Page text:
This post originally appeared on TheHumanist.com.
This spring the Supreme Court will rule on the American Humanist Association’s lawsuit challenging the constitutionality of a forty-foot Latin cross on public property in Bladensburg, Maryland, and conservatives are hoping that the court uses the case to revise longstanding church-state separation law. Jurisprudence surrounding the First Amendment’s Establishment Clause, the constitutional basis for church-state separation, is “in disarray,” according to Justice Clarence Thomas. Another appellate court described this area of law as a “hot mess.”
This chorus has been repeated so often that even mainstream commentators have picked it up. Some believe the high court may finally scrap the so-called “Lemon test,” named for the 1971 Lemon v. Kurtzman case, which has provided the main framework for analyzing alleged Establishment Clause violations. Under the Lemon test a law is unconstitutional if it has a religious purpose, if it has a primary effect of advancing or inhibiting religion, or if it excessively entangles religion and government.
According to its detractors, this test has raised havoc. The late Justice Antonin Scalia described the Lemon test as akin to “some ghoul in a late night horror movie that repeatedly sits up in its grave and shuffles abroad…frightening the little children and school attorneys.”
In truth, however, it’s more like Scalia is haunting us from the grave, as his criticism of Lemon has gained traction long after his own departure. Even the mainstream New York Times joined the chorus, opining in a recent editorial that the justices, in deciding the case, “would be wise to not sow more confusion in this area of the law.” Writing as if the “hot mess” allegation were actually true, the Times argued that “more clarity from the high court—if not a definitive, bright-line rule—is in order.”
The notion of a bright-line rule sounds nice, but the Times editorial board seems to overlook an important detail. That is, the Lemon test draws a line that is about as bright as any could be, clearly instructing courts to look at the purpose and effect of government action and consider whether the action creates excessive entanglement between religion and government. What could be more clear?
Critics of the Lemon test forget that any test, sooner or later, will be faced with facts that challenge it, facts that come close to that cherished bright line. Such is often the case in the law, whether courts are determining a driver’s alleged negligence, a criminal defendant’s alleged guilt, or the cruelty and abusiveness of a prescribed punishment. All of these situations have legal tests, and there are always factual scenarios that result in disagreements over whether the test leads to one outcome or another. The existence of such disagreements—what some would call close calls—hardly means that a test should be scrapped.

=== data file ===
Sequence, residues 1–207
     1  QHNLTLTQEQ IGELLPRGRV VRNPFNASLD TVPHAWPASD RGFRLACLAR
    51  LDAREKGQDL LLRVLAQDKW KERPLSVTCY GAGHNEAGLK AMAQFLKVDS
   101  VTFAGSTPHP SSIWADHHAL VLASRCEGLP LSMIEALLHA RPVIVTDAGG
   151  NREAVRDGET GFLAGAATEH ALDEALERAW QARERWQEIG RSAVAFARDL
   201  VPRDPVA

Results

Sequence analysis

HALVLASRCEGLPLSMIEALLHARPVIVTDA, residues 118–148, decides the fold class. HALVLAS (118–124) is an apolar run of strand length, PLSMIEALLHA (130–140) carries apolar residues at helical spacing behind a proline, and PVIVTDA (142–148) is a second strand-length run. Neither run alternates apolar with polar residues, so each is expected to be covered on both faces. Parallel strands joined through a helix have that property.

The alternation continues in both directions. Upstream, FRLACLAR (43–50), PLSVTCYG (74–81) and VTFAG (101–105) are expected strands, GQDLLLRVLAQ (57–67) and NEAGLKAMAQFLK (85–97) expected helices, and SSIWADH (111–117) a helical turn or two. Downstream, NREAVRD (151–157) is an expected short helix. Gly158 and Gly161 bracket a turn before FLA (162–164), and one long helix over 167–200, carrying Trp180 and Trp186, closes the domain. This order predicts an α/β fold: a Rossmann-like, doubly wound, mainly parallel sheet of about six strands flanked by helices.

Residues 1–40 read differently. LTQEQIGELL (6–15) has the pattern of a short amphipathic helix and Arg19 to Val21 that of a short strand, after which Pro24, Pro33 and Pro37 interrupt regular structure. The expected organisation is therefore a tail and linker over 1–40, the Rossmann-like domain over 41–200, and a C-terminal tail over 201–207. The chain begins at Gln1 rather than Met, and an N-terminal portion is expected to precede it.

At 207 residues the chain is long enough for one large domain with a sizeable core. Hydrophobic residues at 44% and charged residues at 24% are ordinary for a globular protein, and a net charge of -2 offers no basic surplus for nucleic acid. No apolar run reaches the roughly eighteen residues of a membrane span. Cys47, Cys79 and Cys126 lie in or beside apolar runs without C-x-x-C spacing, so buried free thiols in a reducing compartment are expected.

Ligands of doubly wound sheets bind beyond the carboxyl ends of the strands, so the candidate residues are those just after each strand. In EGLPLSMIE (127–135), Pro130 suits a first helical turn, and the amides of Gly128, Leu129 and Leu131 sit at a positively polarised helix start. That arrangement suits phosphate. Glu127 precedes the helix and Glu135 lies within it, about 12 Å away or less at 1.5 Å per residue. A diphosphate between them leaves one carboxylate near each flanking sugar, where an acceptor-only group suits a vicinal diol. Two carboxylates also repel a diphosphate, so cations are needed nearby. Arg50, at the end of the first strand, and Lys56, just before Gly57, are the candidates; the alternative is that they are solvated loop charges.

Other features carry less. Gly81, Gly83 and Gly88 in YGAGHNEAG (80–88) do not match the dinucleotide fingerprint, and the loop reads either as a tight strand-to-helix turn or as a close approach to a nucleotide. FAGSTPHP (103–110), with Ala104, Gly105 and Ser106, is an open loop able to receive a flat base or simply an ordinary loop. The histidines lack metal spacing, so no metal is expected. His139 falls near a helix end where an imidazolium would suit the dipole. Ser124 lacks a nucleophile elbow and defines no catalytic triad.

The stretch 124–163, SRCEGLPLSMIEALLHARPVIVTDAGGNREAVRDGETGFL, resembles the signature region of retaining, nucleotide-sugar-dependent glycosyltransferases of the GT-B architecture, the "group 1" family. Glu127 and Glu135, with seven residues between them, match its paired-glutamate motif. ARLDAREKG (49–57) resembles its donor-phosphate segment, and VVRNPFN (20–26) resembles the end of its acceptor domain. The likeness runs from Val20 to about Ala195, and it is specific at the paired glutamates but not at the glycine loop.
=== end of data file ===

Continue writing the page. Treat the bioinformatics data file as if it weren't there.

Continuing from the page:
If there are problems with the Lemon test, they arise mainly because some jurists choose to ignore it. Conservatives dislike the test because it often strikes down governmental religious activity that they see as benign or desirable. Applying Lemon, the Supreme Court has twice ruled against prayers at public school events (graduation prayer in Lee v. Weisman in 1992 and football game prayers in Santa Fe Ind. School District v. Doe in 2000). In a scathing dissent in Lee, Justice Scalia accused the majority of “social engineering,” saying the court “lays waste a tradition.” Here we see that the real problem is not the Lemon test itself, but the fact that the test leads to an outcome—the removal of a government-sponsored religious practice—that religious conservatives favor.
Nobody who values church-state separation, however, would categorize the rational, straightforward logic of Lee and Santa Fe as a “hot mess.” Indeed, it’s noteworthy that the original Supreme Court school-prayer ruling that outraged conservatives, Engel v. Vitale, came down in 1962, almost a decade before Lemon. In the real world, the “disarray” that so bothers conservatives is actually a well-established line of precedent.
And if there are some scenarios that leave reasonable minds differing—temporary holiday displays with nativity scenes, candy canes, and reindeer, for example, or a Ten Commandments display that has sat among an array of other displays for decades—none of this amounts to a “hot mess” (which, incidentally, defined as “a person or thing that is spectacularly unsuccessful or disordered, especially one that is a source of peculiar fascination”). It simply means there are some close calls. Any lawyer knows, however, that close calls are the fuel that keeps the engine of the law going. This is no reason to scrap a useful test for assessing constitutionality.
The Bladensburg cross, meanwhile, is an enormous, permanent Christian symbol towering over a government-owned traffic circle in a Maryland suburb. The constitutional law that governs such a situation is not in “disarray,” nor is the case itself a close call.